Researchers reveal similarities between fish and humans

August 10, 2010, University of Pennsylvania
This is a gut section from an infected fish showing the presence of IgT+ B cells (green) in the epithelium and the parasite C. shasta (magenta). Credit: University of Pennsylvania

A study at the University of Pennsylvania School of Veterinary Medicine has identified the function of one of the earliest antibodies in the animal kingdom, an ancient immunoglobulin that helps explain the evolution of human intestinal immune responses. It was discovered to play a predominant role in the guts of fish and paves the way for a better understanding of human gut immunity as well as for safer, healthier approaches to keeping fish from pathogen infections. The findings appear in the online version of Nature Immunology and will be featured on the cover of the September issue.

The study identified unique aspects of the structure and function of a antibody, IgT, and points to this molecule as the most ancient vertebrate immunoglobulin specialized in mucosal immunity. The findings challenge the present paradigm that specialization of immunoglobulin isotypes into different body areas, i.e., intestine and blood, arose during the evolution of four-legged creatures, or tetrapods. While IgT was discovered five years ago, its structure and function remained an enigma.

In addition to characterizing the of IgT, the study provides direct evidence for the existence of a novel B cell lineage uniquely producing IgT. In the gut, IgT+ represent the predominant B cell subset. More critically, the study showed that responses of rainbow trout IgT to an intestinal parasite were only detected in the gut, whereas IgM responses were confined to plasma. Supporting further the role of IgT in mucosal immunity, the researchers found that a majority of trout intestinal bacteria were coated with IgT. The research team concluded that the specialization of isotypes into different body compartments is a universal feature of all jawed vertebrate immune systems, a feature required for health maintenance in environmentally different exposed body areas that require different immune needs.

"Immunoglobulins like IgA, IgX and the newly discovered IgT are evolutionarily distant," said Oriol Sunyer, associate professor in the Department of Pathobiology at Penn Vet. "Their specialization into mucosal compartments must have occurred independently by a process of convergent evolution driven by similar selective pressures operating on the gut environment of fish, amphibians and mammals."

Significantly, the study shows that fish IgT and human IgA systems appear to utilize similar solutions to maintain healthy intestines, therefore Sunyer indicated that "future studies on IgT will further unravel structural and functional aspects of human mucosal immunoglobulins that are key to their role in keeping our intestines free of pathogens."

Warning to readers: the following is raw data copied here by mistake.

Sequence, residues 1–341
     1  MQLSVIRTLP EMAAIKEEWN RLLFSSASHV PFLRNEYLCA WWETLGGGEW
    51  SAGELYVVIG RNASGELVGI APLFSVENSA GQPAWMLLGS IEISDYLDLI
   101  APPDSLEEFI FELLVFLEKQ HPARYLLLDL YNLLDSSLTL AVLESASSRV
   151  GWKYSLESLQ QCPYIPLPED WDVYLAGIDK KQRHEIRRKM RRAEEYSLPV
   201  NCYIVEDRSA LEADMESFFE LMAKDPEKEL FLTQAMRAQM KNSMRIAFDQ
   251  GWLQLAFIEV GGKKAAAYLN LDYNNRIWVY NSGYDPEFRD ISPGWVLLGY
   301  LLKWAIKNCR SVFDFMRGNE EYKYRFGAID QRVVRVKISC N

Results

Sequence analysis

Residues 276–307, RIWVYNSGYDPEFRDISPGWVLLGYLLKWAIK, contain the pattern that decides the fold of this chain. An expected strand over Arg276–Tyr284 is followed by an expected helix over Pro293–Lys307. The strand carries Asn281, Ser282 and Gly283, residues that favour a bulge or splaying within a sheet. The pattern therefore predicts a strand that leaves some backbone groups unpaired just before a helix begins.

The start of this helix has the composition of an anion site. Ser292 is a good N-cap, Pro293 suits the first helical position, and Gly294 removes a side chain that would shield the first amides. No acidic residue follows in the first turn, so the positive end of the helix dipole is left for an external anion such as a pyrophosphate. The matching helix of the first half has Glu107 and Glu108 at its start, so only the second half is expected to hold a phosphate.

With aquaculture being the fastest growing animal food sector in the United States, as well as in the global marketplace, the findings should also impact fish health and vaccinology. In that regard, all prior studies carried out in teleost fish during the last few decades have missed the specific contribution of IgT in protecting fish from pathogens. Sunyer's studies establish that teleost fish contain not one, as originally believed, but at least two functional immunoglobulins, IgM and IgT, that respond to pathogenic challenge in different body areas. Thus, the new capability of measuring not only IgM but also IgT responses will greatly facilitate the evaluation and understanding of fish immune responses as well as the protective effects of fish vaccines.

"The design of future fish vaccines is likely to be more effective, stimulating not only systemic but also mucosal immunity as we are now able to measure IgT-induced responses," Sunyer said.

"Dr. Sunyer's work will change how we look at disease prevention in fish, and his breakthrough will have a profound impact on the future of the aquaculture industry," said Roger Beachy, director of the National Institute of Food and Agriculture. "I am proud that the USDA supports such innovative research."

Immunoglobulins first emerged in vertebrates around 400 million years ago along with the appearance of the jawed fish, the most ancient living vertebrate species with jaws. Throughout evolutionary time, immunoglobulins diversified into several isotypes with specialized roles in innate and adaptive immunity in different parts of the body, according to the study's author, who says the study of immunoglobulins from fish and other animal species will continue providing new insights that are fundamental for understanding the role of these molecules in protecting us against pathogens.

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